Why the Posthumous Aaliyah Album Is Causing Such an Uproar

Aaliyah lowering her sunglasses
Photo by Sal Idriss/Redferns via Getty Images

As is the case with most posthumous albums, reactions to the news that a new Aaliyah record will drop later this month were mixed. That was particularly true on Twitter, where fans essentially divided into two camps: those who rejoiced in the promise of new music from the late singer, who died 20 years ago in a plane crash, and those who were far from happy with her uncle and former manager, Barry Hankerson, of editing Aaliyah’s music and arguably capitalizing off of her name. (Profits made off of Aaliyah’s music go to him rather than her estate.) The latter camp saw a boost in membership on Tuesday, when the newly announced list of musicians who will make cameos on Unstoppable united many fans in uproar.

For starters, each and every one of those making cameos is a man. “Imagine having the [opportunity] to create a new Aaliyah album with an entire generation of women that were directly influenced (Ciara, Teyana, Tinashe, Normani, Jhene, CxH, H.E.R., Sevyn, etc.),” read a popular tweet posted by @AllThingsDante. “But instead we get Snoop Dogg, Neyo, Future, CB, a weird Weeknd song... yikes.” (There’s also Drake, whom Hankerson has described as “one of her biggest fans.)

Yes, the aforementioned “CB” would be Chris Brown. Which means that yes, an alleged serial abuser has collaborated with a survivor of abuse without her consent. In an interview with Billboard, Hankerson described Brown’s track as “vintage R&B with strong vocals,” noting that it was produced by Timbaland. “I look for that one to also get a very special reaction from listeners,” Hankerson added. Is he truly unaware or indifferent to Brown’s past actions and reputation? Or, worse yet, is he simply just trolling? In any case, many fans didn’t mince words when expressing their discontent, which was hardly limited to Brown. (We should note that the below tweets include opinions and references to allegations that have not officially been confirmed.)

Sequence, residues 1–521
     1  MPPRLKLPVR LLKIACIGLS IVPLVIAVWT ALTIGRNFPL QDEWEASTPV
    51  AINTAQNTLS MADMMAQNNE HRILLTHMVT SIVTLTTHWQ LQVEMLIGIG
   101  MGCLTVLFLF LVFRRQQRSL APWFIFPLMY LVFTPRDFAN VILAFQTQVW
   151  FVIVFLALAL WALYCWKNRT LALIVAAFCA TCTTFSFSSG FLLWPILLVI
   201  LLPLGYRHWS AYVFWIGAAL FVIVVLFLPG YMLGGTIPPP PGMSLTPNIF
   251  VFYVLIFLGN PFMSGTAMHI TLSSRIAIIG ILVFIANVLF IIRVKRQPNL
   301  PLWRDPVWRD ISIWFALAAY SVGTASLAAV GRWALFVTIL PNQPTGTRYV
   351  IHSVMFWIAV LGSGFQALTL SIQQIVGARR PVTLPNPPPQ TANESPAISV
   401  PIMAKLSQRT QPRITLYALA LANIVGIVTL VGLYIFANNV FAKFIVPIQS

Sadly, the estate of Aaliyah Haughton saw something like this coming. In a statement issued last summer, it warned of “unauthorized projects” and an “unscrupulous endeavor to release Aaliyah’s music without any transparency or full accounting to the estate” in the lead-up to the anniversary of her death at age 22. “Although we will continue to defend ourselves and her legacy lawfully and justly,” the estate continued, “we want to preempt the inevitable attacks on our character by all the individuals who have emerged from the shadows to leech off of Aaliyah's life's work.” The estate has yet to publicly comment on the release of Unstoppable, which does not have a specific release date apart from some time this month.